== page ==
This course/guided bible study explores the agrarian context and ecological subtext of the Bible, offering a radical paradigm shift in terms of our understanding of what the Biblical narrative teaches about "the environment" and our relationship with the natural world. Through a careful reading of the Book of Genesis (particularly the stories of Creation, Adam and Eve, Cain and Abel, Noah, and the Tower of Babel), as well as excerpts from Exodus, the Gospels, and the Book of Revelation, we will begin to hear God's call for us with regard to our planetary home, particularly in light of climate change and humanity's widespread habit of overconsumption and environmental destruction. How does Jesus' proclamation of the "Kingdom of God" point us towards a different kind of relationship with the Earth and the entire material world? How do the teachings of Scripture both support the findings of scientific materialism, and challenge us to move beyond this perspective?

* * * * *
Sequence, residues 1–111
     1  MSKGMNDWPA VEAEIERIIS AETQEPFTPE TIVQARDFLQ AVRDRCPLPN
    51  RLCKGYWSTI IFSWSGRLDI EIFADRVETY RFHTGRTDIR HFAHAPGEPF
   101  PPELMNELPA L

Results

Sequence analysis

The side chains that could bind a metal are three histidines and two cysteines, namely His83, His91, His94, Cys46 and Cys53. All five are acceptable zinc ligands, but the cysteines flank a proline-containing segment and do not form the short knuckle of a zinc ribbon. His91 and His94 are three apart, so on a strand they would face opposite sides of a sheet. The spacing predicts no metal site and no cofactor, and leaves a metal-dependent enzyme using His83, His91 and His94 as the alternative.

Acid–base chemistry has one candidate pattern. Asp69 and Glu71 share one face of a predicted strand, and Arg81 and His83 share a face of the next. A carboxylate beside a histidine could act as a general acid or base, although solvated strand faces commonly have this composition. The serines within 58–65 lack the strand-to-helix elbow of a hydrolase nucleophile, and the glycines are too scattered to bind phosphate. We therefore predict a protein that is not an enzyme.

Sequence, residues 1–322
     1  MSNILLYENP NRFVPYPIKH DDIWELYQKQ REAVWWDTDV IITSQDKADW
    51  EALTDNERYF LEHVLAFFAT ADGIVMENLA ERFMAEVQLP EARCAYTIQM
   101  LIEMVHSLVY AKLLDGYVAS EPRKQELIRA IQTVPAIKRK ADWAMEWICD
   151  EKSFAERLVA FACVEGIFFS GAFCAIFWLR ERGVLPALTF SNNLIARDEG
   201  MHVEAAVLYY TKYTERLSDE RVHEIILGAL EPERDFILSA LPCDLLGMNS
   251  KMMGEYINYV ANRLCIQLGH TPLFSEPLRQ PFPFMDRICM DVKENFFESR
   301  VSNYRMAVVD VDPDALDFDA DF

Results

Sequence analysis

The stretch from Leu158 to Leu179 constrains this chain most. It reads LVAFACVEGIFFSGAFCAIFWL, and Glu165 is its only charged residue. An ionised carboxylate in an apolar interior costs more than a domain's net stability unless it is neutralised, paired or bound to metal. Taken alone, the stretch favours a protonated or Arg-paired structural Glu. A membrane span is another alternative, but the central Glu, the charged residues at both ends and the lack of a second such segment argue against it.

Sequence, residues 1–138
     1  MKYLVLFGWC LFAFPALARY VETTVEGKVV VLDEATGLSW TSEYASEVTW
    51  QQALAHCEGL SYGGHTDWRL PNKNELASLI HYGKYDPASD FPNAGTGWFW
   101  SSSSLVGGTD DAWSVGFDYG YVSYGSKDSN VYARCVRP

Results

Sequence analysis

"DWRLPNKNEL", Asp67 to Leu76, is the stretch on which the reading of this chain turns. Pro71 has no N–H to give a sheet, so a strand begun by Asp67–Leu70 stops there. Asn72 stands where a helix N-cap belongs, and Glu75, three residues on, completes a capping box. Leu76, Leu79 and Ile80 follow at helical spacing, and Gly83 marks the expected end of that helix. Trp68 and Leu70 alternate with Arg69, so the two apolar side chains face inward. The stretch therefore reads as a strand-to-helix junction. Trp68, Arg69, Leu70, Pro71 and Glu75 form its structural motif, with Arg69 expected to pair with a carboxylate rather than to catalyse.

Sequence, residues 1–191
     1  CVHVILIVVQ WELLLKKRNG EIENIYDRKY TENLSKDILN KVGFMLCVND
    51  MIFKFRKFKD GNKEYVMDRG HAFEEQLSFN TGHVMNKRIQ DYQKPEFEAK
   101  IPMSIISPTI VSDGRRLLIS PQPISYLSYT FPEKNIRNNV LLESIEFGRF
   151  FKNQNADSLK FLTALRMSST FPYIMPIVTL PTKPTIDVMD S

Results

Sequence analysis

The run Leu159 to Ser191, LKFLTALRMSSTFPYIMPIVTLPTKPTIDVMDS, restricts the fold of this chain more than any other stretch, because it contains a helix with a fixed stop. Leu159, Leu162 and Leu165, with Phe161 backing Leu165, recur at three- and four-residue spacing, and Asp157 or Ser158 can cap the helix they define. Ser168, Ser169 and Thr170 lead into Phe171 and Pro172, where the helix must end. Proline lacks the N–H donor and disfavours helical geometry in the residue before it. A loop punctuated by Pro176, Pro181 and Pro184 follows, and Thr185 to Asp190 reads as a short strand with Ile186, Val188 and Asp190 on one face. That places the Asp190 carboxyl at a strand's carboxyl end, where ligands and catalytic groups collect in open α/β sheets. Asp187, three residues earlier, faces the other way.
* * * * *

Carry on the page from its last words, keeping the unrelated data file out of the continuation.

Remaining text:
Note: This topic can be offered as a lecture or taught as a 5-week class.
Kristen earned her Masters of Divinity (M.Div.) from Union Theological Seminary in New York City in 2014, where she studied Biblical interpretation, theology, vocational discernment, Ignatian spiritual exercises, contemplative prayer, lectio divina, the labyrinth, and other spiritual disciplines. She also holds a B.A. in Communication Studies from the University of North Carolina at Greensboro. From 2015-2017, Kristen served as assistant director and adjunct faculty at The Servant Leadership School of Greensboro, a program that teaches a wide variety of Christian spiritual practices.